Dry cupping (also known as 'air cupping') doesn't use heat to create the suction. Instead, it uses a specially designed pump which is attached to the end of the jar. The pump is used to create a vacuum. Some practitioners prefer this method as it gives them more control over the amount of suction.
Because this method doesn't use heat to create suction, there is also no risk of accidentally burning the skin.
This just means that the cups stay in place during the treatment. The amount of time they're left for will depend on the nature of your concern, but they are usually left between five and 10 minutes.
Moving cupping/gliding cupping
As its name would suggest, moving cupping is when the cups are moved during the treatment. To enable this to happen, your therapist will use an oil to lubricate the skin. Often these oils will be infused with essential oils and herbs. This helps the cups move more easily and makes for a more pleasurable sensation.
There are many cupping benefits, ranging from relaxation and improved well-being to pain relief. The skin is the body's largest organ, reflecting imbalances. It stands to reason therefore that therapies that target the skin reap great rewards.
The following list of cupping benefits is not exhaustive, but highlights how the therapy can affect you both physically and mentally.
Improved flow of energy
In traditional Chinese medicine the flow of energy (or qi) is very important. When blockages occur, it is believed that illness and pain follow. This is why many techniques used in Chinese medicine focus on freeing up energy.
The meridian system is a network of energy channels, each linking to various body parts. Cupping therapy works within this system, with many therapists placing cups on meridian points. Therapists believe by encouraging a good flow of qi, the body becomes more able to heal itself naturally.
The body naturally flushes out toxins we accumulate. This normally happens through the lymph fluids. Cupping is thought to aid this process as it stimulates blood and lymph flow. Increasing the supply of healthy, oxygenated blood to muscles and skin brings nourishment and allows toxins to be carried away by the lymph.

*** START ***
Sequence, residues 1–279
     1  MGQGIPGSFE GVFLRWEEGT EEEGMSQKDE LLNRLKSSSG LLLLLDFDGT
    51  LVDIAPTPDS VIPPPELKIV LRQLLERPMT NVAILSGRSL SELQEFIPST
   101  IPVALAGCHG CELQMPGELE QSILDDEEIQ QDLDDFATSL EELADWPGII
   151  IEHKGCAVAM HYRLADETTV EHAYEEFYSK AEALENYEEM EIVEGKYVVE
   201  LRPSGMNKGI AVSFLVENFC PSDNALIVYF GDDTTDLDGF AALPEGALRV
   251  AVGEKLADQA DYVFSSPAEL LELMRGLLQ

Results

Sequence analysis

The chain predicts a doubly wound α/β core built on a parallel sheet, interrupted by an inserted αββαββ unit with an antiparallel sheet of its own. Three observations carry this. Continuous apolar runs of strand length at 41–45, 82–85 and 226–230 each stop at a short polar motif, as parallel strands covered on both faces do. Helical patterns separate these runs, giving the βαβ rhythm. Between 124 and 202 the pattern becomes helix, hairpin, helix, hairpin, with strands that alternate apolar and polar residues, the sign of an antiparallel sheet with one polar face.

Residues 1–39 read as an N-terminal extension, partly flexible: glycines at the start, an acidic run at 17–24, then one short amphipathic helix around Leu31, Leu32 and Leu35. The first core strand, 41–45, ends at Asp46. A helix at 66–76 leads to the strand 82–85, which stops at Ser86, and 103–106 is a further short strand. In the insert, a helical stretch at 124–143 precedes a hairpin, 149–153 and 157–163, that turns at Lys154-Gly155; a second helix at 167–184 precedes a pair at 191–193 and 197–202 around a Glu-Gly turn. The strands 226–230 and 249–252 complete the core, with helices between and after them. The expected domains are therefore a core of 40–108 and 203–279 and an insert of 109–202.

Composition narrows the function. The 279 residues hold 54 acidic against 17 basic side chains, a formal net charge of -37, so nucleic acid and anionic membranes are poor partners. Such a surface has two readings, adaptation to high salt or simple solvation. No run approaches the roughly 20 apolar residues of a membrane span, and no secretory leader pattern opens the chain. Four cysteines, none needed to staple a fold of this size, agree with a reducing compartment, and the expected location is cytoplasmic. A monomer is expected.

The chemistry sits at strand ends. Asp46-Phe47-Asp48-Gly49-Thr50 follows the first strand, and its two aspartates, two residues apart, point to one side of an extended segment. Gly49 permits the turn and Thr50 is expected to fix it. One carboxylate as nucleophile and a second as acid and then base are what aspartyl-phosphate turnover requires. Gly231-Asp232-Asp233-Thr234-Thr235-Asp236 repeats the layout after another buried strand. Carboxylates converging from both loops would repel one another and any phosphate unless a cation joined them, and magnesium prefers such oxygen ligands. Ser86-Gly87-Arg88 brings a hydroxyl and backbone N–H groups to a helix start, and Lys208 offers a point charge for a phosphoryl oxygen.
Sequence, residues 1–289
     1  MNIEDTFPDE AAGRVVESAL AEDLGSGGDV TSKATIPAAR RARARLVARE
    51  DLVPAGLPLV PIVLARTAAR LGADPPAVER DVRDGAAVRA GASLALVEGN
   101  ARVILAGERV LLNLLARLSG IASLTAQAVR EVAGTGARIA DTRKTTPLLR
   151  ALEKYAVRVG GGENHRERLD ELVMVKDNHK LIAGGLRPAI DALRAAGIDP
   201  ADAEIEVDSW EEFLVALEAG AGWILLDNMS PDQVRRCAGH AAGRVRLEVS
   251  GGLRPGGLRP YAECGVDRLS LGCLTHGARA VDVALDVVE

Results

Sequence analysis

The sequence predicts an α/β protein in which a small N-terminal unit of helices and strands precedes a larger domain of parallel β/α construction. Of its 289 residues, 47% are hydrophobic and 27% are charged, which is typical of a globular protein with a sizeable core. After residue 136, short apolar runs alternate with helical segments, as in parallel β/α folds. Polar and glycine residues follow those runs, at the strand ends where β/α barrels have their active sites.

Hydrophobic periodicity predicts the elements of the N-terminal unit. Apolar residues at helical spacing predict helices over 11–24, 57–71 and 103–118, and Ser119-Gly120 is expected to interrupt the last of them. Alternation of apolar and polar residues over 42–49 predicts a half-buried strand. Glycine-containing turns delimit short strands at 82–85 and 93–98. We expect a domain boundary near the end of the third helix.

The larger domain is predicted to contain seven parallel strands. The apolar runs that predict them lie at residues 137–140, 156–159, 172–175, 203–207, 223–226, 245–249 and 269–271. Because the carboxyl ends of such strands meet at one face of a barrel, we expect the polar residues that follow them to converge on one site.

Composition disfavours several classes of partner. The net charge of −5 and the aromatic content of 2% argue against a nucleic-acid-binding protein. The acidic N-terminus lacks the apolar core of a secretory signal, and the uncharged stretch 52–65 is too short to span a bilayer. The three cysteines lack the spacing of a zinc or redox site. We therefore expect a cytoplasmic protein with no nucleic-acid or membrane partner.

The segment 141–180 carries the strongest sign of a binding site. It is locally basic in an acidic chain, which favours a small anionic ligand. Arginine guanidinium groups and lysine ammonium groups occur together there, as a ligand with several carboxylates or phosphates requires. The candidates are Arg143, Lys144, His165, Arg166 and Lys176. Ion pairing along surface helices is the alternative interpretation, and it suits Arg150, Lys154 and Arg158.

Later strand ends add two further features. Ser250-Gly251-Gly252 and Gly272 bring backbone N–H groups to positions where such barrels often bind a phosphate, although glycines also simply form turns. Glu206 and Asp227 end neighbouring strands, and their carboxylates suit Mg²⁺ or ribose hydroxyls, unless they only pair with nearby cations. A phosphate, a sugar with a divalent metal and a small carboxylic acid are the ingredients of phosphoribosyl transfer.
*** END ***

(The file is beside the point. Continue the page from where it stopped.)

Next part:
Helps to relieve pain
As this therapy has a similar effect on the muscles as a massage does, it can be useful for relieving muscular pain. This is because it loosens tissues and promotes healing. For those who suffer from chronic conditions like fibromyalgia, cupping therapy can be especially beneficial when used alongside medication and physical therapy.
Eases tense muscles
Tense muscles can have a multitude of side effects. These can range from headaches and stress to neck and back pain. Cupping works to soften underlying muscle tissues and break up knotted areas. This leads to looser and more flexible muscles.
When your body is free from tension, you may find it easier for your mind to follow suit.
One of the best-known cupping benefits is relaxation. The sensation is akin to a massage (especially in moving cupping), making it pleasurable and incredibly relaxing. Many people report a warm tingling sensation that lasts long after the treatment ends.
The therapy also has a sedating effect on the nervous system. This makes it useful when addressing conditions such as high blood pressure, anxiety, fatigue, insomnia and tension headaches.
Some therapists use the therapy in a more cosmetic nature. For example, many say one of the key cupping benefits is its ability to reduce cellulite. The theory behind this is that the suction provides drainage and boosts circulation, which loosens adhesions or 'dimples'.
Who can have it?
When carried out by a qualified professional, cupping therapy should carry little to no risk. However, it is advised that the following groups of people avoid it:
those who bleed easily and/or cannot stop bleeding
those with metastatic cancer (cancer that has spread from one part of the body to another)
those with muscle spasms or bone fractures.
In addition to this, the therapy should not be carried out on sites of the body that have the following:
deep vein thrombosis
a pulse that can be felt.
You are advised to consult your doctor before trying any new complementary therapy. They will be able to advise you on which therapies are suitable (or unsuitable) for you. You should also tell your therapist if you are concerned about any of the above.
As cupping therapy can involve hot surfaces, skin manipulation and (in wet cupping) incisions, you should always check your therapist has had the appropriate level of training. You may wish to see their qualifications and/or their registration with a professional body for peace of mind.